In my own personal experience, I’ve found that more often than not I stray away from the things I want to be or the things I want to do. Doesn’t this mean, then, that we should focus on returning to our old selves, not totally dumping the old to begin anew?
I absolutely appreciate the wonderful feeling that comes with a fresh slate, a new beginning or slamming a door to the past, but I don’t think that means we have to entirely remake ourselves to accomplish something.
In 2015, I’ve resigned to focus on getting back to the things I love, to make time for the things that make me happy and to truly, 100 percent, absolutely be the person I am or strive to be. It might be a new year, but I’m striving to be more like the old me.
Tomorrow isn’t January 1, it’s March 1. But March 1 is as good a time as any to start something. This year, let’s focus less on being “new”, and more on just being awesome.
Cheers to a brand new, happy year, y’all.
Right before we rang in 2013 with champagne and guacamole (as Wattersons do every year), back when gratitude jars were all the rage, I joined the movement. After a quick trip to Michaels, I mod-podged a Mason jar with scrapbook paper and jumped right into the new year.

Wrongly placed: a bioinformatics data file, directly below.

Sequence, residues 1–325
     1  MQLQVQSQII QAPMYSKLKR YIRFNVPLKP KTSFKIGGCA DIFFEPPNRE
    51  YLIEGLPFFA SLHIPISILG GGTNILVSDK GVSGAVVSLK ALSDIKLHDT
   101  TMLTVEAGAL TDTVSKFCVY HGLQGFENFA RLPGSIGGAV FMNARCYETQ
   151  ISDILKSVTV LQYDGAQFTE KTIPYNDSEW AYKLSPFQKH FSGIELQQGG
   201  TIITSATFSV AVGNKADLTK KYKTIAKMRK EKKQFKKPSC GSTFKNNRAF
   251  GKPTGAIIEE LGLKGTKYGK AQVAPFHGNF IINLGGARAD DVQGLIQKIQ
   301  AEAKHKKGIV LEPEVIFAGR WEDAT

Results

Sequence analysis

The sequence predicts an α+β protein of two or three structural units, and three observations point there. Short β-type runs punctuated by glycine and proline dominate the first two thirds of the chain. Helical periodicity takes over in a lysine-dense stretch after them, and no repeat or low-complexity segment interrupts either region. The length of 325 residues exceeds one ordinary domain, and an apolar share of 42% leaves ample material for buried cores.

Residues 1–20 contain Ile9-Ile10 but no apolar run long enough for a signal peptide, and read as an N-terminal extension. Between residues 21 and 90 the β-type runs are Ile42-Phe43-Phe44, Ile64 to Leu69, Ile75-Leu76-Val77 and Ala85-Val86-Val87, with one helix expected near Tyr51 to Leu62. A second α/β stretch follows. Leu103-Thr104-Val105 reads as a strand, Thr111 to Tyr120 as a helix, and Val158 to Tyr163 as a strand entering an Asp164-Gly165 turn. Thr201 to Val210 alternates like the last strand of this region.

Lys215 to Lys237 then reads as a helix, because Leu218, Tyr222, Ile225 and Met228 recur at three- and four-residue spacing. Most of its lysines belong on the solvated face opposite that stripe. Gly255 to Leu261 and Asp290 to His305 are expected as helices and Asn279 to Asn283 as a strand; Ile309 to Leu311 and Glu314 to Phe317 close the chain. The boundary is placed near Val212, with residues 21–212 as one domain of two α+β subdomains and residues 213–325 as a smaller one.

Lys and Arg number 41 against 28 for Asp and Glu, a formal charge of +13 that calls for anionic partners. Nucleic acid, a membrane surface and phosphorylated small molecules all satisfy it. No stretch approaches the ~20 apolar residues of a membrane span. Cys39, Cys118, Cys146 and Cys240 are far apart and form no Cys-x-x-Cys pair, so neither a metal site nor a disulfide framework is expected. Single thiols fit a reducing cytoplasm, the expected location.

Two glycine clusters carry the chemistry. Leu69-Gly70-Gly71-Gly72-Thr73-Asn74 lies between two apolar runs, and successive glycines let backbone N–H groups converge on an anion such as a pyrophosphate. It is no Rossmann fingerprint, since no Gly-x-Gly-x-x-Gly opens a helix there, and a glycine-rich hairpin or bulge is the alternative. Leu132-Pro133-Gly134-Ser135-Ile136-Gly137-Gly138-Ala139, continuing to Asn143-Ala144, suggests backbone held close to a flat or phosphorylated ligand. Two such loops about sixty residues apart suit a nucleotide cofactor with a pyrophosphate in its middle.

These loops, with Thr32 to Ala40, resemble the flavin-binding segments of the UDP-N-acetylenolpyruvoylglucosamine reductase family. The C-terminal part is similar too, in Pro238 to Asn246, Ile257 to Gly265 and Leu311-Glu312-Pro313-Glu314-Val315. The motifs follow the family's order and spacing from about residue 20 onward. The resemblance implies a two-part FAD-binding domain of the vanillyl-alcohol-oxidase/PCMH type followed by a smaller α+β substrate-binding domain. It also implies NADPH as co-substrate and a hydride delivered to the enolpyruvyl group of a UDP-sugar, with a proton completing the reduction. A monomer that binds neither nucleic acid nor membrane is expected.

Tentative at first, I was diligent to write a quick note every time something wonderful, memorable or downright hilarious happened in my life. I tossed ’em all in the jar and by years end, I had a mountain of memories. On Dec. 31, 2013, right before we turned the calendar year over again, I dumped my jar out in a pile on the living room floor and for the first time, read all the notes I had taken care to tediously document over the previous 365 days.
The result was glorious. Reading through all the notes made me so incredibly grateful for everything that happened in the craziness of 2013. Before I knew it, I found myself in tears of all kinds: laughter, nostalgia, pride.
Fueled by “jar” days, I decided to do it all over again in 2014. The days have flown by, but I’ve scribbled down notes here and there and put them routinely in their place. As we near the end of possibly the busiest, craziest year ever, I can’t wait to dump out my jar and revel in the sweet sentiments I’ve tucked carefully into the glass canister throughout the year.
Lately though, as I crack open the jar to add another memory, I’ve been pausing to ponder what made that day “jar-worthy”. For me, it can be anything. Something hilarious, something I’m grateful for, something that I felt proud of.
As we count down to 2015, I can’t help but think “Why can’t there be something about every day that makes it worth remembering?”
What if we made every day a “jar” day?